January 19th, 2010
04:36 AM GMT
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I boarded Japan Airlines flight 1381 at Tokyo’s Haneda Airport. My destination: a small town in western Japan called Shirahama.

I slid into my seat towards the rear of the plane. I didn’t have to compete for a spot to toss my overhead baggage, because there wasn’t anyone in my row. In fact, there wasn’t anyone in the seats next to me, the row behind me or in the ten rows in front of me.

Flight 1381 took off from Tokyo more than half empty. The flight appeared about 70 percent empty. That’s a lot of empty seats for this plane, an MD-81 which, according to Japan Airlines, seats approximately 160 people.

Shirahama is near a world heritage site. It’s a gorgeous, remote area of Japan where the ocean meets cliffs of spectacular beauty. It’s not a highly populated area of the country. Yet Japan Airlines flies flights in and out of the small airport in Shirahama twice a day.

Japan Airlines, or JAL, in its November 2009 report, shows the Shirahama-Tokyo flights had an occupancy rate of 54.3 percent.. In October 2009, the airline says occupancy for that route was 39.5 percent. You see a bigger problem for the airline when you look at passenger loads for all of its domestic routes: In November 2009, 95 routes - more than two-thirds of JAL’s domestic flights – had occupancy rates less than 60 percent. Industry analysts say that, generally, 60 percent capacity means that a route isn’t profitable.

Aviation specialist Kotaro Toriumi says all these empty planes symbolize many of JAL’s problems. “JAL was originally a government-controlled company, although it was privatized,” says Toriumi. “What we see today is the legacy of its bureaucratic roots.”

Toriumi says the company’s inflexibility to cut unprofitable routes, downsize aircraft, and adjust to economic downturns has been an ongoing problem for the last twenty years.

As the nation’s flagship carrier, Japan Airlines has been subject to political pressure, both from the national and local governments. Air travel has been traditionally seen as a source of vital transportation and income into communities.

“You can’t just blame JAL. The airline hasn’t been able to eliminate non-profitable routes if they’re popular destinations for Japanese, such as resort locations, because there’s a strong resistance by the government.”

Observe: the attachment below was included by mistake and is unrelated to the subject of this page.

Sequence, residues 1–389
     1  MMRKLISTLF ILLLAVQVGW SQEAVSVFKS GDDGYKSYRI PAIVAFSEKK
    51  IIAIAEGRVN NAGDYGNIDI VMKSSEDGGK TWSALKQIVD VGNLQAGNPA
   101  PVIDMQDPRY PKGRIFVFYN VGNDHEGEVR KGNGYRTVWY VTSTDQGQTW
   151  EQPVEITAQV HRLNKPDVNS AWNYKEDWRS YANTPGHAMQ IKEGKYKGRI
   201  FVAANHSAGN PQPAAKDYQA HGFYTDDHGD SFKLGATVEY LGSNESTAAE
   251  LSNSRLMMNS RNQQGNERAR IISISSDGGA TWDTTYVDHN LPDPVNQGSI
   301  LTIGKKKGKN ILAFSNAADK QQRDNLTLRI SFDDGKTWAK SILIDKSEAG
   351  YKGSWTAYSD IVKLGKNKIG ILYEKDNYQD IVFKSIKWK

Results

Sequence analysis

Japan Airlines would not speak to CNN on camera, citing its upcoming bankruptcy proceedings. The airline did respond to CNN questions via a statement. “It is important to note that the profitability of a route cannot be determined by the seat factor alone. Past reports have claimed that the break even seat factor is 75%, but this is wrong to say. It would vary from route to route. Since January 28 of last year, JAL has announced that it will suspend 20 domestic routes, with the closure of four domestic offices. JAL has been progressively switching to the use of smaller, more efficient aircraft on both its international and domestic network.”

I boarded my return flight to Tokyo from Shirahama. Again, I had plenty of elbow room: no one was in my row. There were a few more passengers on the return, but the plane was still mostly empty.

A woman on my flight said that without this flight, Shirahama would be “cut off” from the rest of Japan. She hoped that the route wouldn’t be eliminated. Japan Airlines will have to balance the needs of its customers with its own financial survival. The choices will not be easy, but vital to the airline’s post-bankruptcy future.



soundoff (18 Responses)
  1. Michael

    I am not an aviation industry specialist so please excuse me if my question is naive, but wouldn't it be a good idea for JAL to downsize their aircraft sizes where necessary?

    January 19, 2010 at 6:06 am |
  2. ulysses

    Two flights a day on the same route that are around 50% full. Do they need to hire a mathematician to figure out what to do? Hint: They don't need a smaller plane.

    January 19, 2010 at 7:08 am |
  3. inaka_rob